Puzzle Cube Project: Spatial Reasoning & Design Thinking

The first 6 weeks with our 3D printer centered around experimentation and debugging. We familiarized ourselves with TinkerCad, conducted research, and spent many hours grappling with our failed prints and mishaps. With our new motor installed, and heightened appreciation for the functionality of this amazing tool, we got started on our first design project.


I brought a few wooden mind puzzles into the classroom for interest and relaxation, but also for their value in developing spatial reasoning. They provided us with the inspiration we needed for our first project!

My purpose for integrating 3D printing in the classroom stems from a curiosity of students' spatial reasoning abilities and how designing and creating in a virtual 3D world might enhance their thinking. These capabilities are essential in many STEM careers (science, technology, enginering, and math) and are linked with overall mathematical performance. Spatial reasoning is an area in mathematics education that is a bit of a mystery.
And who doesn't love a good mystery, right?



"A focus on spatial thinking allows mathematics to become a more visual endeavour and connects with what “real” mathematicians do when they are exploring patterns in the world and making discoveries. By exploring the spatial aspects of mathematics, we make it more accessible, more engaging and more relevant" (Ontario Ministry of Education, 2014).


Our project began with students individually creating their own physical representations using either centicubes or larger snapcubes. Their cubes needed to be 3 x 3 using at least 5 different pieces. I noticed how one student took his cube pieces apart and recognized that two of his shapes were identical when flipped. This type of vocabulary use was common as students shared their representations.

Later in groups, the students selected a design for their project. The idea behind this was for students to make comparisons, discuss design specifications, and collaborate during the 3D rendering process. Also, after our first piece printed, we recognized it takes about 1.5 to 2 hours per piece!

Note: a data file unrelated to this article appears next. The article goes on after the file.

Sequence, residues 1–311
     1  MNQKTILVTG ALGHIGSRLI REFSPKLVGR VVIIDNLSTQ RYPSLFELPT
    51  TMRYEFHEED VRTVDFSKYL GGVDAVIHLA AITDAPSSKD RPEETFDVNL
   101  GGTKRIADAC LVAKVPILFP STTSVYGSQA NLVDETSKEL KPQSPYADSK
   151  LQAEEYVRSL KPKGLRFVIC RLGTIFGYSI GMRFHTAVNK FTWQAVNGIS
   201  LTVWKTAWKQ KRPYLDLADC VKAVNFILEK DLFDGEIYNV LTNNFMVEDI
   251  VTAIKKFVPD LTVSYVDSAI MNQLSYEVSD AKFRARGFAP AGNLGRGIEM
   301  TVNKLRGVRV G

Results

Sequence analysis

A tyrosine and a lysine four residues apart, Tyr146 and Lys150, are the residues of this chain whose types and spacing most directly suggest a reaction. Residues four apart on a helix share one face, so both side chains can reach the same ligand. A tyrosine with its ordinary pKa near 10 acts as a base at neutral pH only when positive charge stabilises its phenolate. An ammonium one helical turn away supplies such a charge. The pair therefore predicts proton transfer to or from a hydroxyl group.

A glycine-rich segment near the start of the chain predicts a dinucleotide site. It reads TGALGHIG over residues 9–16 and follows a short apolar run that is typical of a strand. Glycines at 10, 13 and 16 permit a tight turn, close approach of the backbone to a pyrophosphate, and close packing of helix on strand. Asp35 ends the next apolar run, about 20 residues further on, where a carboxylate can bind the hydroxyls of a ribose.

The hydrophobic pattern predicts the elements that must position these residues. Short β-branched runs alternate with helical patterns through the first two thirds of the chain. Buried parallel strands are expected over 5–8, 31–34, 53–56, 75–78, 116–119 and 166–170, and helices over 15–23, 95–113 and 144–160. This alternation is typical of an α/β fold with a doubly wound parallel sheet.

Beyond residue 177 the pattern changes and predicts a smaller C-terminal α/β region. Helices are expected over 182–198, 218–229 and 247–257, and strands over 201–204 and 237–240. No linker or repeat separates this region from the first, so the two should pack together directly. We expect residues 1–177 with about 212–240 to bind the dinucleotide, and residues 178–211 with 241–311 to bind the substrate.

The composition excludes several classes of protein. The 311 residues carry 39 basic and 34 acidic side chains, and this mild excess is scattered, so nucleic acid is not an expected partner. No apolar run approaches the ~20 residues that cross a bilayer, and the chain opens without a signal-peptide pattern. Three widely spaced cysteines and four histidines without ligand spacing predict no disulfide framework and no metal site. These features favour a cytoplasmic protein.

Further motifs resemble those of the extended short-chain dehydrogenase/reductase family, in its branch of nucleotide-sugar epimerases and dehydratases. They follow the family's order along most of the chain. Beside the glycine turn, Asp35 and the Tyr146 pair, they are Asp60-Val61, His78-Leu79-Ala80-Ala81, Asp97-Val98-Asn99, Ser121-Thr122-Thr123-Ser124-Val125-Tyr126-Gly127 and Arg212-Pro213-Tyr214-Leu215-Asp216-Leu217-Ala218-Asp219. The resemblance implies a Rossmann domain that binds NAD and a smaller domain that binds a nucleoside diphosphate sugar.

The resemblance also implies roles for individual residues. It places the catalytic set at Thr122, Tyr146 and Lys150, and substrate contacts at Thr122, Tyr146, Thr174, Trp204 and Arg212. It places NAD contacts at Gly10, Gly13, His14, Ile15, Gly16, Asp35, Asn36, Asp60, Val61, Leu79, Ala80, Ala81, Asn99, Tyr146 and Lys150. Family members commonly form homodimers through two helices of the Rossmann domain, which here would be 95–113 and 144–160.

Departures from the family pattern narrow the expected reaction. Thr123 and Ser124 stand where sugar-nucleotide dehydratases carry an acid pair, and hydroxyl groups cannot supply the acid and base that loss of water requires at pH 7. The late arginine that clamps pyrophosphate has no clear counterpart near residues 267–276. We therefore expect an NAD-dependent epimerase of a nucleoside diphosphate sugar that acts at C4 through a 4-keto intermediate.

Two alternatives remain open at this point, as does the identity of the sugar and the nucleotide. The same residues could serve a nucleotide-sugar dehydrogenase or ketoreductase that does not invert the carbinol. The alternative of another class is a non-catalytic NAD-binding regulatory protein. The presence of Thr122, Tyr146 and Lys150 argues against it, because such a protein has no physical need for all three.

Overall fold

Groups either decided to make each square 1cm or 1.5cm which they later converted to mm (more precise when rendering on TinkerCad). Some partners figured out dimensions first then generated shapes based on those dimensions. Others created individual squares and duplicated them to form their pieces.

Quite a few challenges were faced during the rendering process:
- Duplicating cubes
- Aligning cubes once duplicated
- Placing cubes on top of each other
- Grouping objects (to keep alignment)
- Removing/deleting blocks
- Resizing


Students experimented with different tools in the tool bar, shared their learning to help others along, and searched for forums or youtube videos when they got stuck. I love being able to authentically say "I don't know, let's figure it out". This is learning!

To eliminate the need for the 3D printer to generate supports, some pieces needed to be flipped for stability while printing. This is something we determined while looking at the pieces in the M3D software and questioning what the results might be.

It took about a week to print all the cubes. We are learning about patience during this process!

We experienced a few minor printing errors along the way (eg. print not sticking to the bed). We solved this by slightly increasing the temperature (from 215-225 degrees) and using painters tape on the print bed (thanks to M3D user feedback). 

Now that our puzzle cubes are printed, we are going to share them with other classes to see if they can figure them out!


Student Reflections:
"We got a bit stuck on how to stack shapes so I found this video. In this video we learned that you have to click the black button to lift the object."

"The puzzle pieces are going to be three or four attached cubes each and when put together correctly will form a cube. We started the puzzle by creating rough drafts using centicubes. The best one was chosen and we each picked two or more pieces in to design on tinker cad. We decided on creating a rather small puzzle cube (10 mm by 10 mm by 10 mm) unlike some other groups who did 15 mm by 15 mm by 15 mm and I am excited to see if it works and if not then to see what went wrong. Also I wonder which measurement is more appropriate and whether the larger one will be much easier to use."

"Today we designed a puzzle cube using Tinker Cad. We had to make a puzzle cube with connecting blocks before we made the real thing in tinker cad to figure out which shape and size we wanted the blocks to be. Our group decided we wanted to make our blocks 1.5 centimeters for all the measurements of the blocks." 


"Our piece we had to design was one that had 5 cubes on the bottom and 1 cube on top. It was very easy to construct the bottom but it took a little more trial and error to do the one piece on the top because we had to figure out how to put the cube in the air and make sure it wasn't floating. Once everyone has constructed their pieces we will print them one at a time. When all of them are done we will give them to classes to try and figure them out."



Ontario Ministry of Education. (2014). Paying Attention to Spatial Reasoning. Retrieved from http://www.edu.gov.on.ca/eng/literacynumeracy/lnspayingattention.pdf

Comments

Popular posts from this blog

[Summer Reading] Comprehension and Collaboration: Inquiry Circles in Action

Math + Coding Symposium

A Thoughtful Note (on Building Thinking Classrooms)